Less chance that you get high on investor supply: Venture investors are effectively momentum chasers. When times are hot, they are aggressive and complimentary. When times are cold, they are conservative and flinty. Investors not gassing you up with cash and honeyed words is probably both healthy for founders’ heads, income statements, and valuations.
Less chance to conflate partying with work: Miami.
A few caveats: A full-blown recession will suck for everyone, no matter how crafty founders get to keep building. And all the above only holds true if there is a real innovation afoot. Airbnb did create something new. Dropbox rode the then-emerging cloud model brilliantly. I doubt that hard times will help the fifteenth company working on a niche neobank that is simply a GUI reskin of someone else’s banking infra; the opposite, actually.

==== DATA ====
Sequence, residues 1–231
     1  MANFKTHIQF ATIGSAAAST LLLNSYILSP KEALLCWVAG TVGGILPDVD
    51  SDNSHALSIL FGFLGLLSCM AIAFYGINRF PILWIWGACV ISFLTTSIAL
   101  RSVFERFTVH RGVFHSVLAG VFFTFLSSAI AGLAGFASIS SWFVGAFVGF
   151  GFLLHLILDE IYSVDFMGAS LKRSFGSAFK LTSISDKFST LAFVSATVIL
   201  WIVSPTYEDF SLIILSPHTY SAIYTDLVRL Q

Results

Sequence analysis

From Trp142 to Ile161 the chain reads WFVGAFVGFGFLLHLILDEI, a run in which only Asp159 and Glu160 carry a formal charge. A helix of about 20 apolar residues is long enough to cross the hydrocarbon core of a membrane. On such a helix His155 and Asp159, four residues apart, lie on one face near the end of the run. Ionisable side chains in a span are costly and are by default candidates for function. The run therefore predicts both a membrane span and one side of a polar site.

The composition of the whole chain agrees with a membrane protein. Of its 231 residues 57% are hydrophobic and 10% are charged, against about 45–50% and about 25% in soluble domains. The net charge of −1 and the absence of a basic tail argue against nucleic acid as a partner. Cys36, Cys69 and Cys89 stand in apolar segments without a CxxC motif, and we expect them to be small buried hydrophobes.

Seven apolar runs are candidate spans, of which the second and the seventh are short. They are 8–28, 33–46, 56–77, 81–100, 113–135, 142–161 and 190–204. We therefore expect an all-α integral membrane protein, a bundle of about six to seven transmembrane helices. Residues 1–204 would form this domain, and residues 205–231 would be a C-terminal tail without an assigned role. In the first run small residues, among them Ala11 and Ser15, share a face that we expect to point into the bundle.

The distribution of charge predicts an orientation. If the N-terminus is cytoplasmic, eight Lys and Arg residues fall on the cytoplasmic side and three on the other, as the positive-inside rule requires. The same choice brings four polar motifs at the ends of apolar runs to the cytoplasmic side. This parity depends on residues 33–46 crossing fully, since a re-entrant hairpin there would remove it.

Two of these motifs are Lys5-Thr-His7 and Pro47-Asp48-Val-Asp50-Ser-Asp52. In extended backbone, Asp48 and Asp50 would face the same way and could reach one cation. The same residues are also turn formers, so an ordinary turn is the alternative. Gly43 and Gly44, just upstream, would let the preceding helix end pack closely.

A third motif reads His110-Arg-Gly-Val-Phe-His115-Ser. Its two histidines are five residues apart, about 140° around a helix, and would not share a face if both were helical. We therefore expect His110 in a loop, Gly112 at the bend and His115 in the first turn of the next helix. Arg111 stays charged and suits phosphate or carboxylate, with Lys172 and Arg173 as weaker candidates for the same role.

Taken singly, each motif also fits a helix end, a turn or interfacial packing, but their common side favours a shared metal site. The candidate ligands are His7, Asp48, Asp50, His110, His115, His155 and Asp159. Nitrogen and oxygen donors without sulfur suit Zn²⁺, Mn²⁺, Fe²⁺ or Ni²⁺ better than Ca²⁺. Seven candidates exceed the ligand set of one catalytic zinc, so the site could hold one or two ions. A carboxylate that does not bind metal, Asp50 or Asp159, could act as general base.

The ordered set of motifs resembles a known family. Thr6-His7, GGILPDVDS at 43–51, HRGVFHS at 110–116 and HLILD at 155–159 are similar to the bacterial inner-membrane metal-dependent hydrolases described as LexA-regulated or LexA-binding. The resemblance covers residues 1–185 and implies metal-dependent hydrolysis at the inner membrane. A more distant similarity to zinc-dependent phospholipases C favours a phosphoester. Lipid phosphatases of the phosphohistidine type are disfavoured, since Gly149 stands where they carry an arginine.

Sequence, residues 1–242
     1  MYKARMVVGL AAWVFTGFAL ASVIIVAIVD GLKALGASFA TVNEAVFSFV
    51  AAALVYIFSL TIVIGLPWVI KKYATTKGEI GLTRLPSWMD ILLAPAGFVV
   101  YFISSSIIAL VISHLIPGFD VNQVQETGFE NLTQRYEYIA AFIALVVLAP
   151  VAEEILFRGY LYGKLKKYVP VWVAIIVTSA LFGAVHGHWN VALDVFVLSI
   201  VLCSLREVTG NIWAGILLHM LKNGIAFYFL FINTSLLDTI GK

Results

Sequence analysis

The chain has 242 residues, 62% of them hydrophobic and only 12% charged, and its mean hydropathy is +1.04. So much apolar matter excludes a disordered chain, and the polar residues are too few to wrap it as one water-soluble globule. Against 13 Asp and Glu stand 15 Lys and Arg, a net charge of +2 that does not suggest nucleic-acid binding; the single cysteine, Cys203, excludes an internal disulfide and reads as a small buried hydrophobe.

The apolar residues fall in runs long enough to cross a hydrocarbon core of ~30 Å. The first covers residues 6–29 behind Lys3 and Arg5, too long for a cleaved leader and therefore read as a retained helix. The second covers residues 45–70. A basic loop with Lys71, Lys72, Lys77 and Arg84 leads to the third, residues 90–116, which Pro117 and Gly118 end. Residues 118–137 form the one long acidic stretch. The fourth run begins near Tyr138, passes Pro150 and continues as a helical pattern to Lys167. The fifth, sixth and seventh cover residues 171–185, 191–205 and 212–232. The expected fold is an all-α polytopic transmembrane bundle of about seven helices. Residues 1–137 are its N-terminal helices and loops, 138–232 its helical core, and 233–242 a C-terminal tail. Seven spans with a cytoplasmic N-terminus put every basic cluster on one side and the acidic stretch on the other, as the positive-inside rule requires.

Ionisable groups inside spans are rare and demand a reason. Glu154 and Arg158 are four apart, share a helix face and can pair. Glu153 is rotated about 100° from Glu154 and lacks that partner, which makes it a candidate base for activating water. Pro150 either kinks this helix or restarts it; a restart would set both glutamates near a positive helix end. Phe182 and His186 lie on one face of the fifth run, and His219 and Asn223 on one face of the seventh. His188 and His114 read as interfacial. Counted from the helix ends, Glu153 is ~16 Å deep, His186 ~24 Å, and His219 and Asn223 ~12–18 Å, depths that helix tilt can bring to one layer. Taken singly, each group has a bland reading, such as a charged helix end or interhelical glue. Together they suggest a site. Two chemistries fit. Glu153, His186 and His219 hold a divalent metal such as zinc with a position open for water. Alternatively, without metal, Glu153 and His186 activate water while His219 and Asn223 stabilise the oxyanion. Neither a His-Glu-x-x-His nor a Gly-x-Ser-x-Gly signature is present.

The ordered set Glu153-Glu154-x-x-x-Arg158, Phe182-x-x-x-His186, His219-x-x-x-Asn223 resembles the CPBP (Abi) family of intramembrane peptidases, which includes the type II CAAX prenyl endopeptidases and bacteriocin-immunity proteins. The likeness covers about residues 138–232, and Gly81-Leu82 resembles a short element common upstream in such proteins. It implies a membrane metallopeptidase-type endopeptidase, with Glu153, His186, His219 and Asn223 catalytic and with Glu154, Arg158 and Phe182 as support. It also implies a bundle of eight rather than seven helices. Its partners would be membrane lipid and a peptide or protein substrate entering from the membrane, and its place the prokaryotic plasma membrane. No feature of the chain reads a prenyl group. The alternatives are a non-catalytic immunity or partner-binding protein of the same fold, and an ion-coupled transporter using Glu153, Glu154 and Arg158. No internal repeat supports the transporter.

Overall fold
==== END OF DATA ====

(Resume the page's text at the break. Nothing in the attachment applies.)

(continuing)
But for startups with a truly good angle on the market busy building what’s next, a calmer, quieter, and less insane market for tech talent and spend can really prove a winner. I can’t wait to see who comes up next.
The featured image on this post is an excerpt from a piece shared by the Birmingham Museums Trust, whom I wish to thank.